It was precisely in Tel Aviv where my inner fight started. We took the tram to the main train station. The new part of Jerusalem built by the Israelis looked like an average sunny European city and the train station was very convenient and modern. Everyone was eager to help and we managed to arrive in Tel Aviv for 6€ in just 40mins. I was ready to start complaining about the city — I wanted to get angry about everything on purpose so I could prove my point that Israel is bad in every sense. So far, I just couldn’t complain about anything. We were left in Tel Aviv without almost any transportation option (Shabat was starting) and without Internet to find any options to get to the places we wanted to visit. Nonetheless, everyone was willing to help and provided us everything we needed. In no time we were on a bus to Jaffa. The “old” part of Tel Aviv was astonishing. The vibe was just perfect — people in the streets enjoying life, dancing to music and eating out.
Everything worked as it should in the city. It’s like Barcelona but “premium”, my friend said. The streets were calm but full of positive energy at the same time. The supermarkets had all the Western products I was missing in Jordan and it felt like a blessing. We spent two hours swimming in one of the best beaches I’ve been to on the Mediterranean Sea. Everything was…perfect. When I realized this, I was left completely puzzled: “am I really enjoying Israel?…erm…Palestine?” How could this be? I had long tried to boycott everything which had to do with Tel Aviv or Israel and now I was having the time of my life floating at one of the city’s beaches. I felt bad, but at the same time I wanted to keep exploring Tel Aviv and enjoy the “incredible atmosphere”. It is just weird to find a city that feels like Europe in a region that is the exact opposite to Europe. It seemed like a small window to the continent after months working in Jordan.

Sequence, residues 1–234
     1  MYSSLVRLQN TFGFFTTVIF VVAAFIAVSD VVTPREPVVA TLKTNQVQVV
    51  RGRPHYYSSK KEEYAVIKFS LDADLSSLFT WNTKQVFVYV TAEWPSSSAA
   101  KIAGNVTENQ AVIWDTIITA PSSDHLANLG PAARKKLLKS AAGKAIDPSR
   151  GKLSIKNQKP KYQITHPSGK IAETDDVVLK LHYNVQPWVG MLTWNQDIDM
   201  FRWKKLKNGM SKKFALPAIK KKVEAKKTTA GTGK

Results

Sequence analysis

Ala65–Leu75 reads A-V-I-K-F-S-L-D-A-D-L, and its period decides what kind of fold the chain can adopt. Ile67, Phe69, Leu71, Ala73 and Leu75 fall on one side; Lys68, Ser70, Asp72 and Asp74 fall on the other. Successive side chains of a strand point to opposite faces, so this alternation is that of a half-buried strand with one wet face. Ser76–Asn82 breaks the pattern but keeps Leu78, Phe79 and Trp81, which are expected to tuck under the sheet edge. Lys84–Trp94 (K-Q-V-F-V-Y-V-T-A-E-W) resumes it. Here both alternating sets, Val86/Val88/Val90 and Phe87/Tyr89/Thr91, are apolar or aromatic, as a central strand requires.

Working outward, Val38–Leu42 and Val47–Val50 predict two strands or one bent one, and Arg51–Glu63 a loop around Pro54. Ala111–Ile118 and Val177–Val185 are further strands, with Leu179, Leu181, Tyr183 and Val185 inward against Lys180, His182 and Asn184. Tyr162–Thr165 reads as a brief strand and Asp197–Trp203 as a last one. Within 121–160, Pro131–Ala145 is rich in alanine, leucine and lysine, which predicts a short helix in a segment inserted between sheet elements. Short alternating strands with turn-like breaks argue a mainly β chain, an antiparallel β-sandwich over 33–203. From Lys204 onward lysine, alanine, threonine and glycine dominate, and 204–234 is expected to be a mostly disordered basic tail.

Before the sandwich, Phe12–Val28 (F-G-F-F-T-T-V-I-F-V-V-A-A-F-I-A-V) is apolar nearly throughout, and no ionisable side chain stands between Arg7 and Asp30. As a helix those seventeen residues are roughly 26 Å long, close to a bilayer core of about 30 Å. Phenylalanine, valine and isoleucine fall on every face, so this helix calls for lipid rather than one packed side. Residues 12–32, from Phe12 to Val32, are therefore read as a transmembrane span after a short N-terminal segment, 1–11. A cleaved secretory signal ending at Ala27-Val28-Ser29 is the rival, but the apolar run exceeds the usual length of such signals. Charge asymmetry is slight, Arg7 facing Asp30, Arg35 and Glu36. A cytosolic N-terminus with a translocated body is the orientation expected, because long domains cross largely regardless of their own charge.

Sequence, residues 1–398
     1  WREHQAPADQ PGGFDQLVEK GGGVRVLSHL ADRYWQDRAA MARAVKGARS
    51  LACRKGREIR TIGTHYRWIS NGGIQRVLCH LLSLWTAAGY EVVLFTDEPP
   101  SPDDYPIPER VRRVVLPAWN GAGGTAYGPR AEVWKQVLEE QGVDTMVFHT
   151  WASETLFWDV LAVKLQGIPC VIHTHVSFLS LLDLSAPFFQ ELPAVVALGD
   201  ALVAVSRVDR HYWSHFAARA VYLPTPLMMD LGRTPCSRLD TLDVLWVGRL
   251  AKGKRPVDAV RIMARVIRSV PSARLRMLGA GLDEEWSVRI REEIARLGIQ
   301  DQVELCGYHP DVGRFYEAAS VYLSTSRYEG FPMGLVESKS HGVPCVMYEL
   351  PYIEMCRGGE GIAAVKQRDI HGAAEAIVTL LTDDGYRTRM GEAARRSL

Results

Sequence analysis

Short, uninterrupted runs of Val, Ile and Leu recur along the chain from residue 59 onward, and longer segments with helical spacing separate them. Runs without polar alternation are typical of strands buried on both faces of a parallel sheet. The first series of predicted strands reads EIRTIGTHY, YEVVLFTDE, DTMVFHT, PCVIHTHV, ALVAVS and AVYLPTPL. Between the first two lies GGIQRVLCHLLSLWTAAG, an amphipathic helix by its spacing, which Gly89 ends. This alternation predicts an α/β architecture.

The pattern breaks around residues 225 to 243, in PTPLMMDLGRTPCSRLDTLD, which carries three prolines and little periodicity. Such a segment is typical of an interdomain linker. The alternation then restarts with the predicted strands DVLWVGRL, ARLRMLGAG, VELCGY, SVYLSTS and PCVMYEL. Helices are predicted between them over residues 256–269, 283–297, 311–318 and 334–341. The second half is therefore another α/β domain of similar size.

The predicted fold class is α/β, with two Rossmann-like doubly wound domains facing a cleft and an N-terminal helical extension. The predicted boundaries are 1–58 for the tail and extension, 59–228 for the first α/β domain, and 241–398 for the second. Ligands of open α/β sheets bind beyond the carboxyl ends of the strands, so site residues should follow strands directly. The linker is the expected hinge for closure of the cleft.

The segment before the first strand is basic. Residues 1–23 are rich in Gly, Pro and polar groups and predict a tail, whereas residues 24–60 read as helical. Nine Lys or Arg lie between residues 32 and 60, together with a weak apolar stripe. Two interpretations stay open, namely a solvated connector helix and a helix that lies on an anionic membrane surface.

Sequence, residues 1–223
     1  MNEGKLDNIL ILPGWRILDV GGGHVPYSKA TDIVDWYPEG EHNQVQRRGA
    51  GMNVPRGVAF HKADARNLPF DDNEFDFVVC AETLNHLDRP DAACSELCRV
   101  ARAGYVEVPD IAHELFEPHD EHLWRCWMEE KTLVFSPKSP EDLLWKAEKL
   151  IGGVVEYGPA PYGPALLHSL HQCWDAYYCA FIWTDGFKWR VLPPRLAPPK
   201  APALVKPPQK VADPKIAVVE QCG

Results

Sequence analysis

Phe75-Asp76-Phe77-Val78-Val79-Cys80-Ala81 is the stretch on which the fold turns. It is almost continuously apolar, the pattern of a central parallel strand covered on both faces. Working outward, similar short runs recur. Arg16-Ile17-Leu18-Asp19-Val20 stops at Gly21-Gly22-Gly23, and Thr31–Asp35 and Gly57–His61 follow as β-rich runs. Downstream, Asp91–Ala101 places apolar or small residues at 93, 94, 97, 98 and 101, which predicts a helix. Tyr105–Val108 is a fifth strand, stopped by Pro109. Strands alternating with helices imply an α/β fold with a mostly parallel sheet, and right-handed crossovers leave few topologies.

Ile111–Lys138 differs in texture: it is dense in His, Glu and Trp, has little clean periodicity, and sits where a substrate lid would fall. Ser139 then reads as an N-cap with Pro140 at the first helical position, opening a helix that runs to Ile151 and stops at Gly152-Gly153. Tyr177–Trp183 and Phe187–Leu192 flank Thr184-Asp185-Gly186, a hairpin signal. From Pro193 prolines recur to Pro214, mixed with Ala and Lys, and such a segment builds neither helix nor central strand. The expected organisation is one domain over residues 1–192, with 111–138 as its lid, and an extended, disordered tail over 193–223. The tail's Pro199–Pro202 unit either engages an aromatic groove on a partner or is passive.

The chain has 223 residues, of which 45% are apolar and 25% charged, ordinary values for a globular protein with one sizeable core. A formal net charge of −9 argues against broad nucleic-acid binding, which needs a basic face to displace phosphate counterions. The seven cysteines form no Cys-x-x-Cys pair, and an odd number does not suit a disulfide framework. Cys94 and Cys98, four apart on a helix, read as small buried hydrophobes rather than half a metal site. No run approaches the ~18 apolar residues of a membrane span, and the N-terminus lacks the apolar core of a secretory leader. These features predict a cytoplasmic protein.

It was then when everything clicked in my head. I am enjoying a European colony in the Middle East. The reason why millions of tourists and newcomers to Israel come here is precisely because of that, because it just works fine and looks a lot like Europe. Regardless of the political reasons one may have to defend Israel, it is undeniable that deep down there’s a will to defend this oasis of Western-style liberalism. Later that evening I reached the conclusion that I am the problem. If my subconscious is enjoying Tel Aviv and does not feel instantly repulsed by its history, then I am contributing to the Israeli rhetoric.
So what now? My political stances have not changed, however, I just feel I cannot “talk” anymore about it. I feel ashamed to have a great memory of Tel Aviv, however, should I even feel bad? I did not do anything wrong after all besides giving some tax revenue to the State of Israel, right? I guess I’ll have this debate with myself for a long time.
Thanks for reading!